JOURNAL ARTICLE

Assessment of prevalence and determinants of posttraumatic stress disorder and depression symptoms in adults survivors of earthquake in Haiti after 30 months

Jude Mary Cénat, Daniel Derivois
Journal of Affective Disorders 2014, 159: 111-7
24679398

BACKGROUND: On January 12, 2010, a powerful 7.0 magnitude earthquake struck the Republic of Haiti and destroyed Port-au-Prince, the capital and others cities across the country. While some studies have examined the long-term traumatic effects of the seismic event on children and adolescents victims, so far no study has examined the consequences on adults generally. As such, this study aims to investigate the traumatic consequences of the earthquake among adults related to degree of exposure, peritraumatic distress, depressive symptoms and sociodemographic factors two and a half years after. In addition, predictive factors of PTSD and depressive symptoms were also identified.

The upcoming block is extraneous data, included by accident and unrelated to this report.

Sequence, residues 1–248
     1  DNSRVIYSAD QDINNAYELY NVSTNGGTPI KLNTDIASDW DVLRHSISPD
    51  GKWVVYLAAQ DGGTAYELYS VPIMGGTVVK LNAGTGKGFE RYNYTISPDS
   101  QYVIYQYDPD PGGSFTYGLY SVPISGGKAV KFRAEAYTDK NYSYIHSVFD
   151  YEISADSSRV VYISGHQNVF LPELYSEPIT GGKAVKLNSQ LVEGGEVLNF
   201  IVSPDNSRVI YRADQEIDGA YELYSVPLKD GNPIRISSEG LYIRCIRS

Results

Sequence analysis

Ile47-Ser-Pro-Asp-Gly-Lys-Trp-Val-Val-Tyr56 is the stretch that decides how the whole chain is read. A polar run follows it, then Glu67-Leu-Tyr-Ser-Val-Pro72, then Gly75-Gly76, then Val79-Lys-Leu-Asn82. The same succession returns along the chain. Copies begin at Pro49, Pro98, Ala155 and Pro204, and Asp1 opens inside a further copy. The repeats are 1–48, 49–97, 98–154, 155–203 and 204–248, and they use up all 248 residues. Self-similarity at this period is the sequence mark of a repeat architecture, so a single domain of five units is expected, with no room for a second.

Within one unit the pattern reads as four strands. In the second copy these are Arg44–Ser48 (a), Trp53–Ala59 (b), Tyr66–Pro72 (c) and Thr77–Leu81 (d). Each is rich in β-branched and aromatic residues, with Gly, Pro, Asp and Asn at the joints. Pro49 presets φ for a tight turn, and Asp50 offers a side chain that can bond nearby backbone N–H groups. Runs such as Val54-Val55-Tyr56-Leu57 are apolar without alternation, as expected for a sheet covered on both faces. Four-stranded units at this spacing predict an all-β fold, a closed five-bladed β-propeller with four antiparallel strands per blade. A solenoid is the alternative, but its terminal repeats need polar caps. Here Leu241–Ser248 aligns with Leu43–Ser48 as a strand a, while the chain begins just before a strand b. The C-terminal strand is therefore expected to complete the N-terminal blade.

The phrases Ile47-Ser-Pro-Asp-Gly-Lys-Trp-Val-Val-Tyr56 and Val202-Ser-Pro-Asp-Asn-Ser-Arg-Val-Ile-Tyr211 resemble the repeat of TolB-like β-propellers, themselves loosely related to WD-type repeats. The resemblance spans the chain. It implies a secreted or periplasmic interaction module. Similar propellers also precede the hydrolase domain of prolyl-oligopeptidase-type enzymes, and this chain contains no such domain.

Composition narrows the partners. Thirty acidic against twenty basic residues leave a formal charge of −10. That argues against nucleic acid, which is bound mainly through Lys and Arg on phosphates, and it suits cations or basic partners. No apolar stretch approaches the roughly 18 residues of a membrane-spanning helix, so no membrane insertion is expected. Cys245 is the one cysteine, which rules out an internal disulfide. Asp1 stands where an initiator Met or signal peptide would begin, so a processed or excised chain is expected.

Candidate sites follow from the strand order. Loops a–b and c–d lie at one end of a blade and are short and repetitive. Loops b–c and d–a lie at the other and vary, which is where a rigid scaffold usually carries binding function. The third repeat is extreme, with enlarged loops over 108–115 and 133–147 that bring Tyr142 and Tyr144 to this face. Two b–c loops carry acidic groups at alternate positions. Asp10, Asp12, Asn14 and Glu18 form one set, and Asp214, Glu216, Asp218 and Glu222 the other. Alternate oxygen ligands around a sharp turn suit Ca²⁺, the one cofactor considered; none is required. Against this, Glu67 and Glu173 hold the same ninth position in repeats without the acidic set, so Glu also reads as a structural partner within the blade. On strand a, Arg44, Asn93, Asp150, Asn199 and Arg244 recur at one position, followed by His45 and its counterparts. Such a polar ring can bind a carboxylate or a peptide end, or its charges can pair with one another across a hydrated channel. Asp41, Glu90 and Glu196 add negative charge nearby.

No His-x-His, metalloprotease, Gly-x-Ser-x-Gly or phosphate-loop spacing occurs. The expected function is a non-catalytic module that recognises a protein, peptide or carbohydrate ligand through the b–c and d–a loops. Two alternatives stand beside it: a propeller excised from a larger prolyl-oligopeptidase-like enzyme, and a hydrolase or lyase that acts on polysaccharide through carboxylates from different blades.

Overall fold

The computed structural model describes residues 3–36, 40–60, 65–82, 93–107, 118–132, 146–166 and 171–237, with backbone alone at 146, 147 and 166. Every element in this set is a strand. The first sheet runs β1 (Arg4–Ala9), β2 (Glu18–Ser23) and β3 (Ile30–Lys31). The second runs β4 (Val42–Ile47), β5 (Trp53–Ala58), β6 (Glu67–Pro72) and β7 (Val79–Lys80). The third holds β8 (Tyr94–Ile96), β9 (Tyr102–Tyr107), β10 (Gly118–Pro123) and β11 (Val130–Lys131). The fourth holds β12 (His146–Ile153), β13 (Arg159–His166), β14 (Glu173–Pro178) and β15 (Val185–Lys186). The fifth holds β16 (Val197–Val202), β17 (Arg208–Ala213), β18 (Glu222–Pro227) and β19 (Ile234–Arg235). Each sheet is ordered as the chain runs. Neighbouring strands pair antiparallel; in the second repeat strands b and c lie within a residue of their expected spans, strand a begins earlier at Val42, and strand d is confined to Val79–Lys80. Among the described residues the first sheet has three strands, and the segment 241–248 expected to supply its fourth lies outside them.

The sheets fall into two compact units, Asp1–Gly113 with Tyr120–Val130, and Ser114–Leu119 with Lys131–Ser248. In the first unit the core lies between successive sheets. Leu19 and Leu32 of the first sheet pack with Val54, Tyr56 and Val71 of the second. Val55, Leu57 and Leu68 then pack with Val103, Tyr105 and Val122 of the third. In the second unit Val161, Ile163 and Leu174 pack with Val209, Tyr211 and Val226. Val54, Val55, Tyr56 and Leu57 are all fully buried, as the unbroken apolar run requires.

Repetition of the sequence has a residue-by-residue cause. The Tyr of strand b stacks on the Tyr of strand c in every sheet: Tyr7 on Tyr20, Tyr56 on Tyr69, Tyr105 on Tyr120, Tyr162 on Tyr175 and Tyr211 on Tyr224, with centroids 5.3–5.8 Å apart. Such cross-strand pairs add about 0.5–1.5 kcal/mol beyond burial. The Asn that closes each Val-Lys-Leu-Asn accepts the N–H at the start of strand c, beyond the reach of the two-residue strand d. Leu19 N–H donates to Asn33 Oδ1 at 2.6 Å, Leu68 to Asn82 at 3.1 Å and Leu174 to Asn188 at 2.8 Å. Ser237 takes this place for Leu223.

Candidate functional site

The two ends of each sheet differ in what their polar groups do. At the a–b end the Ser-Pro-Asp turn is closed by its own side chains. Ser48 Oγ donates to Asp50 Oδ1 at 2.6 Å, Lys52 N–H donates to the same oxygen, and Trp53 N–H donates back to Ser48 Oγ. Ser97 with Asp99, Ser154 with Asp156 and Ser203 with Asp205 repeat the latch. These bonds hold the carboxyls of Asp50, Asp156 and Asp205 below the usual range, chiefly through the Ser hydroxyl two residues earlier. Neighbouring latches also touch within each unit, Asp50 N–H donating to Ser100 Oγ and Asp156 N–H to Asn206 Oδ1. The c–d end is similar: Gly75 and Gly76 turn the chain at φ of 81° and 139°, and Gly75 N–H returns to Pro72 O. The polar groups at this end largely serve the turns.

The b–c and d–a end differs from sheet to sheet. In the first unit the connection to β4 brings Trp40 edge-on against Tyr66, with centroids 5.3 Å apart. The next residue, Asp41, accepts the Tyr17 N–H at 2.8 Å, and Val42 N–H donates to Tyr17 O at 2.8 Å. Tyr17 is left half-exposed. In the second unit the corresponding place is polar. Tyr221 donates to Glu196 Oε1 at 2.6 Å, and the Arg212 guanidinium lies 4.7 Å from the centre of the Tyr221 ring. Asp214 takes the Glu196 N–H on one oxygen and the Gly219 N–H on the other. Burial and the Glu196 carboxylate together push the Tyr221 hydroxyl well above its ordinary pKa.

METHODS: From June to July 2012, a total of 1355 adults (660 women) was assessed by means the traumatic exposure questionnaire, the Life Events Checklist subscale, the Peritraumatic Distress Inventory (PDI), the Impact of Event Scale - Revised (IES-R) and the Beck Depression Inventory (BDI), in addition to social demographic characteristics.

RESULTS: The prevalence rates of PTSD and depressive symptoms were 36.75% (498 cases) and 25.98% (352 cases) respectively. The risk factors for PTSD and depressive symptoms were young and old age, female gender, unemployed status and low level of education. The bests predictives variables were peritraumatic distress for PTSD (β=.57, p<.0001) and for depressive symptoms (β=.21, p<.0001). The commorbidity between PTSD and depression was 13.36%.

CONCLUSIONS: This study found that psychological symptoms are frequent event 30 months after the earthquake. The different mental health care providers, the public health ministry, NGOs working on the ground in Haiti should design programmes in order to aid the psychological wellbeing of the population focussing on youth, older and retired adults, females, people with low levels of education and those who do not work.

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